Key words: recurrent UTI, young women, TGF-β1 YASUDA MAKO, TAGAWA ATSUKO, KUME SHINJI, YAMAHARA KOSUKE, ARAKI HISAZUMI, ISSHIKI KEIJI, ARAKI SHIN-ICHI, UZU TAKASHI, MAEGAWA HIROSHI Deparment of Medicine, Shiga University of Medical Science,
Japan Introduction: Diabetic nephropathy is a leading cause of end-stage renal disease worldwide. Methods for reducing proteinuria in check details the patients with diabetic nephropathy are still required. Since podocytes are terminally differentiated and are unable to proliferate, disruption of cell homeostasis in podocytes results in impairment to glomerular filtration barrier function, leading to proteinuria in diabetic nephropathy. Intracellular degradation systems are essential for maintaining cell homeostasis. One of these systems, autophagy, is evolutionary buy MLN0128 conserved machinery for bulk degradation of cytoplasmic components. Alterations in autophagy
have recently been found to be the pathogenesis for some metabolic diseases. Therefore, this study examined the role of podocyte autophagy in diabetic nephropathy. Methods: We first examined the relationship between activity of podocyte autophagy and the progression of diabetic nephropathy by using human renal biopsy samples. We next generated podocyte-specific autophagy-deficient (Podo-Atg5−/−) mice by podocyte-specific Atg5 gene deletion. Eight-week-old control (Atg5f/f) and Podo-Atg5−/− mice were fed with either a standard diet or a high-fat diet for 32 weeks to induce type 2 diabetes. Results: Massive accumulation of p62 protein, a marker of autophagy insufficiency, was observed in the podocytes of the diabetic patients with overt proteinuria. To reveal the relationship between autophagy insufficiency and the progression of diabetic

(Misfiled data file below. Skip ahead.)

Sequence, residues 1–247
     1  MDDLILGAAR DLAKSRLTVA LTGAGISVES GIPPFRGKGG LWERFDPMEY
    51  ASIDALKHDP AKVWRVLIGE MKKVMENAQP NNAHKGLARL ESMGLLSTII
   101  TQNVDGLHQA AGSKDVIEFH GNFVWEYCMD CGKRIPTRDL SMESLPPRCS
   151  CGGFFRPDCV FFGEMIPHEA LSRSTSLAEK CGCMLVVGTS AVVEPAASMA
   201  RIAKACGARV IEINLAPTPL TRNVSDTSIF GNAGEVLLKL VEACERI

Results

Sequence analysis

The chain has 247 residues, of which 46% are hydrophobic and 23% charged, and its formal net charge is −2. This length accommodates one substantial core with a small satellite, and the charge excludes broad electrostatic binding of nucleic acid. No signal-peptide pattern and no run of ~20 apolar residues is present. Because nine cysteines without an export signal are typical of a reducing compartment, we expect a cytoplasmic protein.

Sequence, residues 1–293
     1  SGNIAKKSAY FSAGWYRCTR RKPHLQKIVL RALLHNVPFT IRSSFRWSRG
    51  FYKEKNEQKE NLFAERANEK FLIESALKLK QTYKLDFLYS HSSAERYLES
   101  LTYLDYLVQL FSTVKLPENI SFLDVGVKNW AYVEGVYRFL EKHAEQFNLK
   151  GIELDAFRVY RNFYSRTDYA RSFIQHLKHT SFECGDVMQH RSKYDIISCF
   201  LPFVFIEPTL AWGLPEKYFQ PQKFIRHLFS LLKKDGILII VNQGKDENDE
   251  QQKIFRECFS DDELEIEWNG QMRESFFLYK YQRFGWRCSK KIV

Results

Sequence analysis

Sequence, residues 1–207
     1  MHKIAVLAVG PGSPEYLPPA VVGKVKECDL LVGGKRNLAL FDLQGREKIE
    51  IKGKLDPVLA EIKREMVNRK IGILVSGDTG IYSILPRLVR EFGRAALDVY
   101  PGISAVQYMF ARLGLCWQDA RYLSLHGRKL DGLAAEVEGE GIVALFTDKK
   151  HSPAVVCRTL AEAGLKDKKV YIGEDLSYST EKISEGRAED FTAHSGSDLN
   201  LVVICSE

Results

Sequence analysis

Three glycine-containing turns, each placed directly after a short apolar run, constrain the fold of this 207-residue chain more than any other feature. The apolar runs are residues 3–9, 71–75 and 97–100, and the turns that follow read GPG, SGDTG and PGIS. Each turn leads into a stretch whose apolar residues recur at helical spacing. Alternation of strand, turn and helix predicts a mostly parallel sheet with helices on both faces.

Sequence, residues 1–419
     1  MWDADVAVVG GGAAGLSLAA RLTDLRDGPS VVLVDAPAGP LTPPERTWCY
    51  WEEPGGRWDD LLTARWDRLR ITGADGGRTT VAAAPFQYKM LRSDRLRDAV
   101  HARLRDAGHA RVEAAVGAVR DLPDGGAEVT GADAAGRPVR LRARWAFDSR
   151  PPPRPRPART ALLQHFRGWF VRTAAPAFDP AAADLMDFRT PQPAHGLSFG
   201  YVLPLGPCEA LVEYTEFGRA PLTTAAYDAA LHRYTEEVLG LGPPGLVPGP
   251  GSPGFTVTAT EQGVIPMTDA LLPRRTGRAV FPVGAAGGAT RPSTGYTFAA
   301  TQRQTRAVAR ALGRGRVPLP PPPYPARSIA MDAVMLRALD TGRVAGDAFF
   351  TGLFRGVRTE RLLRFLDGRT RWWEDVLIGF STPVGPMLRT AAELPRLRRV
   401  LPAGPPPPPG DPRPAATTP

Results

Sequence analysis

nephropathy, we next conducted an animal study using Podo-Atg5−/− mice. At the end of the experimental period of a HFD feeding for 32 weeks, both Atg5f/f and Podo-Atg5−/− mice developed obesity and hyperinsulinemic hyperglycemia resembling type 2 diabetes mellitus. In Podo-Atg5−/− mice, high-fat Farnesyltransferase diet-induced increases in urinary albumin excretion were significantly higher compared with those of Atg5−/−, although high-fat diet-induced glomerular histological changes were almost the same in both groups. Fibrosis and infiltration of inflammatory cells in tubulointerstitial lesions were significantly exacerbated in Podo-Atg5−/− mice fed a high-fat diet. Conclusion: The results suggest that autophagy is essential to protect podocytes from diabetes-related cellular toxicity. Although further study is required, autophagy appears to be a possible new therapeutic target for reducing proteinuria in diabetic nephropathy.